TCPD Officer Suspended For Displaying Confederate Flag
Nov. 14, 2016
A Traverse City Police Department officer has been suspended after attending a political rally Friday night at which he displayed a Confederate flag on his truck, negatively engaged with protestors, and consumed alcohol before driving away from the event.
TCPD Police Chief Jeff O’Brien announced the suspension of Officer Michael Peters Sunday. “I want to stress this is not how the TCPD presents itself or what we're about,” O’Brien tells The Ticker. “We respect all different races, sexual orientations and creeds, and we are committed to making sure everyone is equally protected under the Fourteenth Amendment.”
Under the terms of his union contract, Peters will be suspended with pay during the course of an internal investigation. The investigation will review any potential illegal activity or code of conduct violations committed by Peters.
The “Love Trumps Hate” rally drew several hundred protestors to the Open Space Friday night. According to multiple witness statements and photographs taken at the event, Peters – who was off-duty – pulled up to the rally in a pickup truck with a Confederate flag prominently displayed off its back (pictured) and revved his engine. He parked illegally in the Open Space’s parking lot, then began drinking beer outside his truck. Instructional Services Specialist Marshall Collins of Traverse Bay Area Intermediate School District, who is African-American and attended the protest, approached Peters and questioned him about displaying the flag.
"I asked him, 'Why would you bring a symbol like that here? Do you know what kind of hatred lies behind that and the fear it strikes in people?'" says Collins. "He told me, 'You don't have any experience with that flag.' I said, 'You don't know what I've been through and how it's affected me.'"
Collins says he grew up in the South "underneath the fear" of the Confederate flag. "I was hoping my kids never had to fear the flag the way I did," he says, describing it as a symbol of "hatred and murder" and the "division of a country and slavery of a people." Collins says Peters told him the flag "doesn't represent what you think it means." Collins told Peters to study his history. "Everyone knows what the flag means," he says. "People are trying to create different definitions of it, but everyone knows what it means."
Collins didn't realize Peters was an off-duty police officer at the time he spoke with him. Shortly after their interaction, Peters got into his truck and left the rally. The next day, Collins learned Peters was employed at the TCPD. "I was scared, to be honest," he says. "There's fear behind knowing a cop would ride around with that flag...if he were to pull me over, I'd be worried."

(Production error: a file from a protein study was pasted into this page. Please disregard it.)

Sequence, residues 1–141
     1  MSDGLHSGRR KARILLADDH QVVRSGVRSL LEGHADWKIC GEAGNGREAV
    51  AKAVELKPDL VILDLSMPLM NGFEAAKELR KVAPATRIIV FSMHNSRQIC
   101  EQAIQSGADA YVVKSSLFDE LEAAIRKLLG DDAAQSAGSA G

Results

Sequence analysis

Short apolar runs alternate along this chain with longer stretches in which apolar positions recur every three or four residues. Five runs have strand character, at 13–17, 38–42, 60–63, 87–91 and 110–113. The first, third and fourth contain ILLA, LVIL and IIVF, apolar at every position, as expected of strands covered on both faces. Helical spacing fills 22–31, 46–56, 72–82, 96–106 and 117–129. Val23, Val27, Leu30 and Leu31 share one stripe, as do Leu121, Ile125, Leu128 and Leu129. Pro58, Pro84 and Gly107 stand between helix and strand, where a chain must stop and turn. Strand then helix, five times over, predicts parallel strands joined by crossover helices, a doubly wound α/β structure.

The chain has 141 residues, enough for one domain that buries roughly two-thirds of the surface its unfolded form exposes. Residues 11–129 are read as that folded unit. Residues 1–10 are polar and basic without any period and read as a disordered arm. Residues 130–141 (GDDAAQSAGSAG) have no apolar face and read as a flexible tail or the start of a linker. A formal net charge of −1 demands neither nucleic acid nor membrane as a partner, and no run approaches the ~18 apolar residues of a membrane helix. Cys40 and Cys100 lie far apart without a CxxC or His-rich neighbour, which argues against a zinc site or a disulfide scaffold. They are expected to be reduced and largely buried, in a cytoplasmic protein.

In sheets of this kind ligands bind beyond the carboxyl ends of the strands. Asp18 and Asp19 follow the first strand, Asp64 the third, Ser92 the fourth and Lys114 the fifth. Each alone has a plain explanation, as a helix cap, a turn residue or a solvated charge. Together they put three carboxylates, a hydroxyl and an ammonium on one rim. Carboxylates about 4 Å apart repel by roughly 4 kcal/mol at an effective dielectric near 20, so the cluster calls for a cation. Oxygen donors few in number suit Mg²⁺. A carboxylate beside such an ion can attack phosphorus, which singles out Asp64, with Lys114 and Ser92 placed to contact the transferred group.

Word of Peters' actions at the rally and his status as a TCPD officer quickly spread in the community. By Sunday afternoon, O’Brien had received approximately 100 calls and emails from the public about the incident. In a public statement posted on the TCPD’s Facebook page Sunday, O’Brien wrote:
“To all citizens, I hear you! Let me assure you that we hold our officers to a higher standard and the flag incident will be fully investigated. The officer has been suspended from active duty. Our uniform patch is embroidered with an image of the Flag of The United States. The inscription states: We pledge allegiance to the flag. The members of the Traverse City Police Department have sworn an oath and will uphold the Constitution of the United States. On the top of the patch is the words: Lex Et Ordo; a Latin term which means Law and Order. Understand that cool heads will prevail. I hear you! The officer has, 'Due Process,’ and also is protected under the Constitution. That process is sometimes slow.”
O’Brien and Traverse City Manager Marty Colburn announced over the weekend they will hold a joint press conference today (Monday) at 9am in the Commission Chambers of the Governmental Center to address the incident.
TCPD’s internal investigation of Peters will hinge in part on complex issues surrounding public employees’ free speech rights under the First Amendment. Supreme Court rulings have established that courts must balance a public employee’s right to free speech against the government’s need to operate efficiently and maintain the public’s trust. In an overview of the issue by the First Amendment Center, Research Attorney David Hudson explains that it is “acceptable for government employers to discipline employees for speech that undermines the integrity of the office or disrupts morale. This discipline can take many forms, including transfer, demotion or even discharge.”
Public employees who challenge disciplinary action by claiming free speech protections must demonstrate “their free-speech interests outweigh their employer’s efficiency interests,” Hudson says. He cites several cases in which disciplinary action against public employees for personal expression or speech has been upheld by the courts, including when such speech compromised community safety, impacted an agency's operations, encouraged racial violence or undermined a department's relationship with its clients or the public.
O’Brien acknowledges the TCPD will have to consider such factors as part of its investigation. “We are going to have to look at (Peters’) behavior and weigh his First Amendment rights and freedom of speech against his employment with this department,” O’Brien says.
Peters, who could not be reached for comment, is assigned to Traverse City's Community Policing Service Area 2. The area includes the downtown district, Slabtown, the Governmental Center and Greilickville. Peters has been with the department since 1998.Comment